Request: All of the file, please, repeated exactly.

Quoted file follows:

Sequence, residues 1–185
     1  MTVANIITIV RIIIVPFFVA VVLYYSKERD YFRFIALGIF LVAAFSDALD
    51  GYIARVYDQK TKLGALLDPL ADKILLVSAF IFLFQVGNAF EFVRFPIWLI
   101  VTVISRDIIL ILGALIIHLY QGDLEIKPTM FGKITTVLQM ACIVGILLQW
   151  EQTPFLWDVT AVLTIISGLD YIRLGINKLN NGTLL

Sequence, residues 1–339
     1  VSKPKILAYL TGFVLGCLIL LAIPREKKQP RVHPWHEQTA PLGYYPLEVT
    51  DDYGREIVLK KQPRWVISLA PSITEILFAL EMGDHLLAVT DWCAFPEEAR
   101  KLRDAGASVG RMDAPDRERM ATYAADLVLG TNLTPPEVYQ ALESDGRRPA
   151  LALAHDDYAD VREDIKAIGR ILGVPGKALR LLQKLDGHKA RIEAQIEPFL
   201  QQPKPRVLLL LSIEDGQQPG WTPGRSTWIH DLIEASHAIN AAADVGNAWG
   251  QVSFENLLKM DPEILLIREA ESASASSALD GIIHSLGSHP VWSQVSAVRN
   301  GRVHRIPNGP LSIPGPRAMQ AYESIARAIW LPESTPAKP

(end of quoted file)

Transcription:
Sequence, residues 1–185
     1  MTVANIITIV RIIIVPFFVA VVLYYSKERD YFRFIALGIF LVAAFSDALD
    51  GYIARVYDQK TKLGALLDPL ADKILLVSAF IFLFQVGNAF EFVRFPIWLI
   101  VTVISRDIIL ILGALIIHLY QGDLEIKPTM FGKITTVLQM ACIVGILLQW
   151  EQTPFLWDVT AVLTIISGLD YIRLGINKLN NGTLL

Sequence, residues 1–339
     1  VSKPKILAYL TGFVLGCLIL LAIPREKKQP RVHPWHEQTA PLGYYPLEVT
    51  DDYGREIVLK KQPRWVISLA PSITEILFAL EMGDHLLAVT DWCAFPEEAR
   101  KLRDAGASVG RMDAPDRERM ATYAADLVLG TNLTPPEVYQ ALESDGRRPA
   151  LALAHDDYAD VREDIKAIGR ILGVPGKALR LLQKLDGHKA RIEAQIEPFL
   201  QQPKPRVLLL LSIEDGQQPG WTPGRSTWIH DLIEASHAIN AAADVGNAWG
   251  QVSFENLLKM DPEILLIREA ESASASSALD GIIHSLGSHP VWSQVSAVRN
   301  GRVHRIPNGP LSIPGPRAMQ AYESIARAIW LPESTPAKP